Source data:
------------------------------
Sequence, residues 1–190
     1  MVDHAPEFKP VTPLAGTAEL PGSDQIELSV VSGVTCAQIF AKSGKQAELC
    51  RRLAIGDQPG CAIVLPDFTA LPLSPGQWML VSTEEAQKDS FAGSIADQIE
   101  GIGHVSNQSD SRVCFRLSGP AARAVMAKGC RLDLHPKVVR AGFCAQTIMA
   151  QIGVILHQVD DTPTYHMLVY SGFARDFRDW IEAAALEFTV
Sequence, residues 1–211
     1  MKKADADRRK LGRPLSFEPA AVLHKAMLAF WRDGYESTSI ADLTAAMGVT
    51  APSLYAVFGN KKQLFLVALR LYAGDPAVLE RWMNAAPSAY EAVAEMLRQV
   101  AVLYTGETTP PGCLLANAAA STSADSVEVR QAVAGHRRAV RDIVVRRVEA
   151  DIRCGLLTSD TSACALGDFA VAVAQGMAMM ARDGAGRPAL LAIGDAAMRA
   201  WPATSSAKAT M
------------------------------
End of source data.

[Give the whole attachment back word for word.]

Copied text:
Sequence, residues 1–190
     1  MVDHAPEFKP VTPLAGTAEL PGSDQIELSV VSGVTCAQIF AKSGKQAELC
    51  RRLAIGDQPG CAIVLPDFTA LPLSPGQWML VSTEEAQKDS FAGSIADQIE
   101  GIGHVSNQSD SRVCFRLSGP AARAVMAKGC RLDLHPKVVR AGFCAQTIMA
   151  QIGVILHQVD DTPTYHMLVY SGFARDFRDW IEAAALEFTV
Sequence, residues 1–211
     1  MKKADADRRK LGRPLSFEPA AVLHKAMLAF WRDGYESTSI ADLTAAMGVT
    51  APSLYAVFGN KKQLFLVALR LYAGDPAVLE RWMNAAPSAY EAVAEMLRQV
   101  AVLYTGETTP PGCLLANAAA STSADSVEVR QAVAGHRRAV RDIVVRRVEA
   151  DIRCGLLTSD TSACALGDFA VAVAQGMAMM ARDGAGRPAL LAIGDAAMRA
   201  WPATSSAKAT M